Dokument paper holder gets high-rise hack

Thirty years ago technology pundits pontificated about the imminent development of the “paperless office”, but it sure hasn’t arrived at my house yet.   So I always need something that can organize and store the paper documents that still seem to accumulate on my desk like utility bills, parking summons, IKEA receipts, etc. IKEA’s “Dokument” letter tray was almost perfect for my needs: it’s cheap and it’s elegantly modern.   But a single unit didn’t have enough trays to let me organize all my stuff, and I didn’t want to spend the desktop real-estate on two units – so I decided to combine the parts from two Dokument kits to get 6 vertically stacking trays in one unit.

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The beauty of this hack is predicated on the extremely fortuitous decision by IKEA’s designers K & M Hagberg to use horizontal spanning rods that happen to fit exactly inside the vertical support tubes.   The idea is to cut the top loops off of the pair of vertical support tubes from one kit, and the bottom foot tubes off the second kit.   The three horizontal rods from one kit – one of which is cut in half – can be slipped very snugly inside the resulting set of four vertical supports to connect the top and bottom halves into a single 6-tray unit.  Another fortuitous aspect of the original design is that if you make your cuts on the top and bottom halves the same distances from the foot tubes and tray channels, respectively, the resulting spacing of the trays will be uniform top to bottom.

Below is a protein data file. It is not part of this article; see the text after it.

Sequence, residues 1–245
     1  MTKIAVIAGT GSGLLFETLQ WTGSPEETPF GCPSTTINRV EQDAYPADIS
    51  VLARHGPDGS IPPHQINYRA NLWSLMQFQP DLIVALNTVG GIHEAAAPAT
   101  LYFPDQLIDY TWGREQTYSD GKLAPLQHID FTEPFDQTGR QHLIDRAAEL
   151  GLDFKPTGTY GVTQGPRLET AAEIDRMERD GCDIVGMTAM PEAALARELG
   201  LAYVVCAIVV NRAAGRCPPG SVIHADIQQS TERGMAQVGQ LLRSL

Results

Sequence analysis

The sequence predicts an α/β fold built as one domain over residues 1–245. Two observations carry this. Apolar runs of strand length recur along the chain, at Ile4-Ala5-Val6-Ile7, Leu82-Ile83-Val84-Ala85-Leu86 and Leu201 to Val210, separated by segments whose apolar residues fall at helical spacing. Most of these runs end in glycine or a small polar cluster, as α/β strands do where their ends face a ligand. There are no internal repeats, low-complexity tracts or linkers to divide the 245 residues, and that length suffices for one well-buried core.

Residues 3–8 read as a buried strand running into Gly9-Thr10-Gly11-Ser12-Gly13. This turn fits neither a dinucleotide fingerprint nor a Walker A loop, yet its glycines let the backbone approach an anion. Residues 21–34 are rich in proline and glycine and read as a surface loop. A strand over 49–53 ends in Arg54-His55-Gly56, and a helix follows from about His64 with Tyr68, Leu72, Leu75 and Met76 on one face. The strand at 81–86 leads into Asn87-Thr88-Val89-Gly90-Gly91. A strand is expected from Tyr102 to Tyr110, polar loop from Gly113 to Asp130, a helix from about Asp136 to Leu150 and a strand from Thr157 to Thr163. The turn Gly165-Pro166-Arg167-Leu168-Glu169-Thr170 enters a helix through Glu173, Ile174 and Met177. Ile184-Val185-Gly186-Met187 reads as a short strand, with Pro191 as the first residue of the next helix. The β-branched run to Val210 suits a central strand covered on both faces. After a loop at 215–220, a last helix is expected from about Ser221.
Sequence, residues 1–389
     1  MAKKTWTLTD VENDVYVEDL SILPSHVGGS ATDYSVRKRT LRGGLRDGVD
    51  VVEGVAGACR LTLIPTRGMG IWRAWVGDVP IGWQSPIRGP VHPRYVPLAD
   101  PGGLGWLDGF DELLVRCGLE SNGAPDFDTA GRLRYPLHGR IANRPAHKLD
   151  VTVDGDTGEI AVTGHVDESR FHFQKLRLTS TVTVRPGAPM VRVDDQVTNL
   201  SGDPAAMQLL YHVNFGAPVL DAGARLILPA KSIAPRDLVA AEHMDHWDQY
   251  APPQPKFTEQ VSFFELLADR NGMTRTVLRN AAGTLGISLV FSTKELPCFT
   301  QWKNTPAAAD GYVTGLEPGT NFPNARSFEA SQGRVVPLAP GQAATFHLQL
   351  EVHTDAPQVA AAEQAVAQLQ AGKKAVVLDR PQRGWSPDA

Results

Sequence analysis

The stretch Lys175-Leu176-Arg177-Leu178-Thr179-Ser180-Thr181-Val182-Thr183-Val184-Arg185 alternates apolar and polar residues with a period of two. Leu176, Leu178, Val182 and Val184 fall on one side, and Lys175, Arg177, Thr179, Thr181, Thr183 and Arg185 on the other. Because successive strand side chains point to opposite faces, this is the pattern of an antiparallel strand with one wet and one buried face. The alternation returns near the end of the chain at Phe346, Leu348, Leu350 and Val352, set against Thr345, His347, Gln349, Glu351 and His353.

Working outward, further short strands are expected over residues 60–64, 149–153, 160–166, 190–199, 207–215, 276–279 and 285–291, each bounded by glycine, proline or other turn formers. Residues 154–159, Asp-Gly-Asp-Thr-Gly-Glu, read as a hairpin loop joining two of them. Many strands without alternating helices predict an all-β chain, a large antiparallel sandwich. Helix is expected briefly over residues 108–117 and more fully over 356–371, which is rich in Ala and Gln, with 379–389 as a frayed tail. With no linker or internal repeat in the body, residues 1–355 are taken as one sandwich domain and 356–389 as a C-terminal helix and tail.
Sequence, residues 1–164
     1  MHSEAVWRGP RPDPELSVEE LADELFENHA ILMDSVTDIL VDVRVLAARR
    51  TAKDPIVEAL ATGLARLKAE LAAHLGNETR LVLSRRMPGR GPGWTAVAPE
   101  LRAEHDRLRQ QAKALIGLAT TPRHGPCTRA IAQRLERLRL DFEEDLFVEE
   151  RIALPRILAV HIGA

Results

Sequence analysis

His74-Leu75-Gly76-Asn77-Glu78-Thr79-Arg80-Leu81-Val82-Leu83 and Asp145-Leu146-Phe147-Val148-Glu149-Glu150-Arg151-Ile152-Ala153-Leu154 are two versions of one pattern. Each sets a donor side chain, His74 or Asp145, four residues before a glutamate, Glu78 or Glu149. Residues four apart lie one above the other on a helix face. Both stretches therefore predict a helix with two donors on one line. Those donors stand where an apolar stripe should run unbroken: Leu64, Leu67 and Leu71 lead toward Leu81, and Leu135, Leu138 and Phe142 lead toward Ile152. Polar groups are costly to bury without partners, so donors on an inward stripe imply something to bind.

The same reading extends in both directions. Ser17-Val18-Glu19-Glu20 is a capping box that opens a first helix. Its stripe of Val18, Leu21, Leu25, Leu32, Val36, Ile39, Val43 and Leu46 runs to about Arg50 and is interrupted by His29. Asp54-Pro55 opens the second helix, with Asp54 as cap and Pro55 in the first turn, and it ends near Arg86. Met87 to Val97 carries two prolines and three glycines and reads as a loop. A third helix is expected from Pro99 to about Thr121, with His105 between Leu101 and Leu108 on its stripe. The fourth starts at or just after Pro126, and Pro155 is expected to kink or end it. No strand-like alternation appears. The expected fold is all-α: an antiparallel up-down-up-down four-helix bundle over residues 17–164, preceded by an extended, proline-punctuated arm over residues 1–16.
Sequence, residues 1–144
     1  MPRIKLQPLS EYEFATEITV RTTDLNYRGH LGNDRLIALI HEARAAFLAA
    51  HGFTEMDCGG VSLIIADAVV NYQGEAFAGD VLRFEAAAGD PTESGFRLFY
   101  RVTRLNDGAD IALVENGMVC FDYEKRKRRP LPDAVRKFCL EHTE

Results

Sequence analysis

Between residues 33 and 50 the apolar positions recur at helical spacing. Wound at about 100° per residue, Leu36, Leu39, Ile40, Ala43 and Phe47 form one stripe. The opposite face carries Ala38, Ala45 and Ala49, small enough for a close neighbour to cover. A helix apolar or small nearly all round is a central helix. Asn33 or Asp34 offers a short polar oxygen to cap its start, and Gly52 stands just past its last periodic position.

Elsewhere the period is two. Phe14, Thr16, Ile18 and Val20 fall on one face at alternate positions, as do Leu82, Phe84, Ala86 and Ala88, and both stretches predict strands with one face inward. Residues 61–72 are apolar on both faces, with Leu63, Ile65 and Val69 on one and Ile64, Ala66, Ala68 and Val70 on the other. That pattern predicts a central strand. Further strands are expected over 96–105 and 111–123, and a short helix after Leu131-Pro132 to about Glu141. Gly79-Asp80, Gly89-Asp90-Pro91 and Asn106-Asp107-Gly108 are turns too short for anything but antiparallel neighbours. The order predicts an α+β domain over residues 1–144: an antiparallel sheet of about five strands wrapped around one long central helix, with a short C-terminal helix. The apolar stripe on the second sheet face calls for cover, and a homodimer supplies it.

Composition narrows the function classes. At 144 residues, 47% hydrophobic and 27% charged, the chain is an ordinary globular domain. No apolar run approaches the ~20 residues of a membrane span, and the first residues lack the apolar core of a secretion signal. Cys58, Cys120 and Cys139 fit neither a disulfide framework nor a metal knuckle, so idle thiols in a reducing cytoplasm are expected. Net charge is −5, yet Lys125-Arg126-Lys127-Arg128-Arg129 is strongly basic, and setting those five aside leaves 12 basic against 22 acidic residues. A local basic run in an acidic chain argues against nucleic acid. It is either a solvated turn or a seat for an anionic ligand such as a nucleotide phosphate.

You could probably use a hacksaw to lop the top off of one kit and the bottom off the second, but I highly recommend the use of a cheap tubing cutter found in the plumbing section of your hardware store.   This makes a very clean cut through the Dokument tubing, though the precise fit of the vertical tubes and horizontal rods means you will still need to completely deburr the cut to get them to slip inside each other.   (Wrap the area to be cut with tape to reduce marring of the surface.)

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You will probably also find that the four sets of vertical tubes that you’re working with are not exactly parallel-aligned and it will take a bit of muscle to flex them into alignment so that the support rods will line up and slip inside.  I placed a few drops of Superglue inside each of the vertical tubes and spread a bit around the outside of each of the rods before slipping them inside each other.  (Work quickly, because Superglue has a short open time.)  I also used a few judicious taps from a rubber mallet to get them to fully seat against each other. Let the glue set for a few minutes, slip in the wire mesh trays, and voila!   A Dokument 3-tray unit is now hacked to be a 6-story high-rise!